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HubSpot Training Teaches That There’s More to Email Marketing Than Just Clicking Send

Photo credit: Kyle James on Flickr.If you are like me, your email inbox is filled with so many emails that every once in a while you need to set aside some time to the hit the delete button without even bothering to read most of them.

Given all the competition for a person’s attention, it would be easy to think that email marketing is a waste of time.

However, that couldn’t be further from the truth.

As I pointed out in a post last October, a study from Econsultancy found that email marketing was rated as providing good or excellent ROI by agency marketers more often than any other channel, and only organic search was rated as providing good or excellent ROI by more client-side marketers.

However, when Econsultancy asked companies to rate the overall performance of their email marketing campaigns, most said they performed good (37%) or average (44%). In fact, only 4% rated the performance of their email marketing campaigns as excellent.

Clearly there is room for improvement.

HubSpot’s Email Marketing Certification

Although I have been involved in email marketing campaigns in the past, email marketing wasn’t really my specialty.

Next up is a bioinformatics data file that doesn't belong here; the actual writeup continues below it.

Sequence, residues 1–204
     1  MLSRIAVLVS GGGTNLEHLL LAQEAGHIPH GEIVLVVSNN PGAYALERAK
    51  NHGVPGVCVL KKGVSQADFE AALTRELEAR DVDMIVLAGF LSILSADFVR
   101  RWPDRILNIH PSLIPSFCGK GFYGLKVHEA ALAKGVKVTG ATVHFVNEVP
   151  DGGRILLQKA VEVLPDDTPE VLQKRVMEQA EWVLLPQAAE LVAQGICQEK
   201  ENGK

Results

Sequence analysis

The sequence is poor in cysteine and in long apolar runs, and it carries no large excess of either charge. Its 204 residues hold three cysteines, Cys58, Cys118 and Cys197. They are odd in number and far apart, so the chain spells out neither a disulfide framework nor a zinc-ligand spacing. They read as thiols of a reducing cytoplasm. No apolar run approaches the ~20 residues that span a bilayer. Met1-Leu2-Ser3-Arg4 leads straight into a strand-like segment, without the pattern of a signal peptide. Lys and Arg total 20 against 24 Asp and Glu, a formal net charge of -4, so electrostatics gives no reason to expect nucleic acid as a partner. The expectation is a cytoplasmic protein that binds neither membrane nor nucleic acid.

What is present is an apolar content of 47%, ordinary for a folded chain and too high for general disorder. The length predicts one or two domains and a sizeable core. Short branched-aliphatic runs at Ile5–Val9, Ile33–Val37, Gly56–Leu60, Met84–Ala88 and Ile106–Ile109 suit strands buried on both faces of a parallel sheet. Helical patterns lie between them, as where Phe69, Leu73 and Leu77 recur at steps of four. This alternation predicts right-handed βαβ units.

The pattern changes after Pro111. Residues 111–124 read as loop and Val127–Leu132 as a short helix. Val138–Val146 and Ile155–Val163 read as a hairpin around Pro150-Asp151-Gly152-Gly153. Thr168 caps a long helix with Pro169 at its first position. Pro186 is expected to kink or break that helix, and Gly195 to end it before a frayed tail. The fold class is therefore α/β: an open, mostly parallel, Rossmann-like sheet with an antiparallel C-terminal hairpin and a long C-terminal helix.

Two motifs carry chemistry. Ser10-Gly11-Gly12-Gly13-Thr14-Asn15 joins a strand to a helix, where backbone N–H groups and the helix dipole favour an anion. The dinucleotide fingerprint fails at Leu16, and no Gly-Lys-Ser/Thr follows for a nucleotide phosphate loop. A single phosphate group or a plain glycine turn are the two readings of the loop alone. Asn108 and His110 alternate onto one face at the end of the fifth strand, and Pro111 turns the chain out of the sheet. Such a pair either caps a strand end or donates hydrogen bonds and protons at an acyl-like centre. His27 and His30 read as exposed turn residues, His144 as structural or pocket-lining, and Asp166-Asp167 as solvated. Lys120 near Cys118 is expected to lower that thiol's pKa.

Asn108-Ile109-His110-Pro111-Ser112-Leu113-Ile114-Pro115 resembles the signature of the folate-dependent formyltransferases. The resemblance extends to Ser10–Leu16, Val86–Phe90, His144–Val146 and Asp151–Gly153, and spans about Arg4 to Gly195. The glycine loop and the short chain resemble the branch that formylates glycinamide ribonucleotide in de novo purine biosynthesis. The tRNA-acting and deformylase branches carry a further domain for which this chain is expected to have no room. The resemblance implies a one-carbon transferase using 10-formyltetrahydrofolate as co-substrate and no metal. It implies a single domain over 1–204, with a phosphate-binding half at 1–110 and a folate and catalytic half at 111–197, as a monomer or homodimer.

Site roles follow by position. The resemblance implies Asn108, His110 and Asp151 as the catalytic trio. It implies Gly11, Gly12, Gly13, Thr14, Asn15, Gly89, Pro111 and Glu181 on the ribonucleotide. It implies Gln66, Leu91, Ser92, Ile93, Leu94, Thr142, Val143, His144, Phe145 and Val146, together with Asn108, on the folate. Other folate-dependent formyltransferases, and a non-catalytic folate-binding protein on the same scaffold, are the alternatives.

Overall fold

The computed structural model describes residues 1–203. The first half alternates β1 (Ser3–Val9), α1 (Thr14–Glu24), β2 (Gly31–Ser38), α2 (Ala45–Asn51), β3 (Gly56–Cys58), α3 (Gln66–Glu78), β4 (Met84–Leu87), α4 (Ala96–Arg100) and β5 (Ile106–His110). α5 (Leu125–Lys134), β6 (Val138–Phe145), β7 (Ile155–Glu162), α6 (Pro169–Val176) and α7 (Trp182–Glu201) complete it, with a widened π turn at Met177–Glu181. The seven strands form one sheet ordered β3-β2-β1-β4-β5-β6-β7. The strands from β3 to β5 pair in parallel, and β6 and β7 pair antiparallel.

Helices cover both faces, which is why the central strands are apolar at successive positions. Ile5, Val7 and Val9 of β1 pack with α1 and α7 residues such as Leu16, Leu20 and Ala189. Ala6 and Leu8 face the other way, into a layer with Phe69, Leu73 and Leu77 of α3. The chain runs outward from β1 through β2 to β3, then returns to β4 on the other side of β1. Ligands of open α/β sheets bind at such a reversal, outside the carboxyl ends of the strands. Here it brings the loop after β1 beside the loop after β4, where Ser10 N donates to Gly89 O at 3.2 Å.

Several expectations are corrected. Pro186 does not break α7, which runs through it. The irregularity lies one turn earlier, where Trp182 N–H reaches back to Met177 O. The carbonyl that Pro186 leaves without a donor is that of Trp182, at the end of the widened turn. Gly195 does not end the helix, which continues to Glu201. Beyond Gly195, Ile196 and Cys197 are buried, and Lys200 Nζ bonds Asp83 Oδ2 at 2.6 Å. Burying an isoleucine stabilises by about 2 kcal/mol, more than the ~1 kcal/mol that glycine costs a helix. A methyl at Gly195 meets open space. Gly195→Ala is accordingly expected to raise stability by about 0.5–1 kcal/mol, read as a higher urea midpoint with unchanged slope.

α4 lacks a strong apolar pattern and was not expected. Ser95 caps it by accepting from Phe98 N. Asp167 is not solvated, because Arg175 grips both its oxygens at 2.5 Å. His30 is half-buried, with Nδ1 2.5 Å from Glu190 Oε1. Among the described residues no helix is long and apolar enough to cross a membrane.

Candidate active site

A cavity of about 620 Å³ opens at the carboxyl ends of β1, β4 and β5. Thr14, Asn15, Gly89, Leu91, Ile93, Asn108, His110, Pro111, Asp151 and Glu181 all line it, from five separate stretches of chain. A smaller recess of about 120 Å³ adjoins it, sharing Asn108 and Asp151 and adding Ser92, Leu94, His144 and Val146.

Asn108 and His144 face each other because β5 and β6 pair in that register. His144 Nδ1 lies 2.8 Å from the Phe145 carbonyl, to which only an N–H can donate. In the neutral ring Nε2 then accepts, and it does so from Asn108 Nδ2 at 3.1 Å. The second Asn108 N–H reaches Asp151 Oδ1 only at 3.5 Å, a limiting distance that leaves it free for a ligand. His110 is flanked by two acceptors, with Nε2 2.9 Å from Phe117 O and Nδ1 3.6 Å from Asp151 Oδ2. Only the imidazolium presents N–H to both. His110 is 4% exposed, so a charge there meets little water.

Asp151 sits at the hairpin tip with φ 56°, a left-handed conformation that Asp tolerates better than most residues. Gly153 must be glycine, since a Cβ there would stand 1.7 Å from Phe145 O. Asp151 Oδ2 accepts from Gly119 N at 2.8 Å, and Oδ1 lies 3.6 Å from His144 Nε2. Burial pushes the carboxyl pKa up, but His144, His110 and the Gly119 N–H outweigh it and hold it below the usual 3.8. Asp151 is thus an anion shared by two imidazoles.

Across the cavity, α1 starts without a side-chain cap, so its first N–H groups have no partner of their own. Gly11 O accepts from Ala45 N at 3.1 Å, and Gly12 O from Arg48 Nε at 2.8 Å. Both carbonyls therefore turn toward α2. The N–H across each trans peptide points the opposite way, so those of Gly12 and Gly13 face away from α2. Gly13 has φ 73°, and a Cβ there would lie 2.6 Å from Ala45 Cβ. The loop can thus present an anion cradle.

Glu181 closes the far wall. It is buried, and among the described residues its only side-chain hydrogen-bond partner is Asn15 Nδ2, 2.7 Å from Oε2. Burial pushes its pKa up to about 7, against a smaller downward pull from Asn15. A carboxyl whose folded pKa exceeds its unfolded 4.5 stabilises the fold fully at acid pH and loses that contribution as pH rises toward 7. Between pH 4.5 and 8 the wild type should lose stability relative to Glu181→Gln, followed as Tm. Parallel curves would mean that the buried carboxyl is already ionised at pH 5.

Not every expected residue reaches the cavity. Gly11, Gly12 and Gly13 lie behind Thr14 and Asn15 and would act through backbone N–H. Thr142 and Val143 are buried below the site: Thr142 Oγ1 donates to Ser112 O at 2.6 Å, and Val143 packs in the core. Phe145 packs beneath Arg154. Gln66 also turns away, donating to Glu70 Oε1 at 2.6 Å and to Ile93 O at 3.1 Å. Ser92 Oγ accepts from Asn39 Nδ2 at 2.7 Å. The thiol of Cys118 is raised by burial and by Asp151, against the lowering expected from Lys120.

However, given the fact that 2.6 billion consumers worldwide use email, I understand its importance, particularly for those businesses that are trying to reach consumers on their smartphones.

Therefore, when HubSpot created their Email Marketing Certification, I jumped at the chance to take advantage of the free training that they were offering.

And, I am glad that I did.

According to the HubSpot website, “This advanced email marketing training course will teach you how lifecycle marketing, segmentation, email design, deliverability, analytics and optimization come together to create an email marketing strategy that grows your business, and your career.”

Throughout the training, I was constantly reminded of the fact that marketers today have access to a lot of data that can be used to improve the way that they communicate with customers and prospects.

However, data without the training to know what it is telling you is pretty much worthless.

This certification helps you gain valuable insight from the data and provides you with the background to start creating email marketing campaigns that your current and potential customers will actually open.

Final Thoughts

If done correctly, email marketing can be a very valuable way to communicate with consumers.

In fact, many companies report that email marketing is one of the most effective tools that they have.

However, many companies also think that there is room for improvement.

This is why I jumped at the chance to complete the email marketing certification training that HubSpot offers via the HubSpot Academy.

Overall, I found the email marketing training to be well worth my time and effort.

I should point out that I wasn’t paid to write this and I am not a HubSpot employee or customer.

However, I am a fan of the company and the free information, advice, and training that they offer.